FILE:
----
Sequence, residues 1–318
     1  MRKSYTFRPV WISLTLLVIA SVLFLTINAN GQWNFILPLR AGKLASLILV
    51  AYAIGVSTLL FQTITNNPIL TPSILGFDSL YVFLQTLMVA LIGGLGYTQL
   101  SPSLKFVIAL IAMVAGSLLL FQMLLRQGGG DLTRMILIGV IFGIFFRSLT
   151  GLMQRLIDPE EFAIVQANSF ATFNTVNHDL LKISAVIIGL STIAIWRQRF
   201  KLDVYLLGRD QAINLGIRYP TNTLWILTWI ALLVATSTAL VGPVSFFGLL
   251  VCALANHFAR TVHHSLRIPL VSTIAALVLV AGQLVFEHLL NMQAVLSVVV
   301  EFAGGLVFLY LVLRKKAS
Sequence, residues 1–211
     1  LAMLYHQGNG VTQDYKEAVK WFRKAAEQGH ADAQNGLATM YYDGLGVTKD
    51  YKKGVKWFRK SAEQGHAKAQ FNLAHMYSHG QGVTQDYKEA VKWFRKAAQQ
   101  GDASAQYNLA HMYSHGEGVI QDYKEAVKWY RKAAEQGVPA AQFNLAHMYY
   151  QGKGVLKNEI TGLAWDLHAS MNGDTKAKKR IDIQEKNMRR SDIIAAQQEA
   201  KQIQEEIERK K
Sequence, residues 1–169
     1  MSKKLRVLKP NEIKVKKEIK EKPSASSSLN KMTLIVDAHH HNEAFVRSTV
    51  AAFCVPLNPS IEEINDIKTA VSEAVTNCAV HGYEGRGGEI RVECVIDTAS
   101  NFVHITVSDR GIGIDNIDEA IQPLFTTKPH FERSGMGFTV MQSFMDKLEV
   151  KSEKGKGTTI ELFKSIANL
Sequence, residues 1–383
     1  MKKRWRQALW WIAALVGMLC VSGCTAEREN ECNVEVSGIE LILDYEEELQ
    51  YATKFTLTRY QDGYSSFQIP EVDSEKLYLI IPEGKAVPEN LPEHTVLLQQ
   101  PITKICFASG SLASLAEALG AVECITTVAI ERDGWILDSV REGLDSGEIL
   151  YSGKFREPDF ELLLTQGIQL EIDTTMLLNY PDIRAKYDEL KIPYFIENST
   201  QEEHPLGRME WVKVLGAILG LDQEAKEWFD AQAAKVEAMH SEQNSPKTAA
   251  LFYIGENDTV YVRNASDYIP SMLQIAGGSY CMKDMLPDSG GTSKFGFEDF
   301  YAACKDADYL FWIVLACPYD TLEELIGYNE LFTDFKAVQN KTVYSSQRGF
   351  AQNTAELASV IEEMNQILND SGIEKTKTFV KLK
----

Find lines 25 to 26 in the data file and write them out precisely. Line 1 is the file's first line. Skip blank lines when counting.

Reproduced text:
   201  QEEHPLGRME WVKVLGAILG LDQEAKEWFD AQAAKVEAMH SEQNSPKTAA
   251  LFYIGENDTV YVRNASDYIP SMLQIAGGSY CMKDMLPDSG GTSKFGFEDF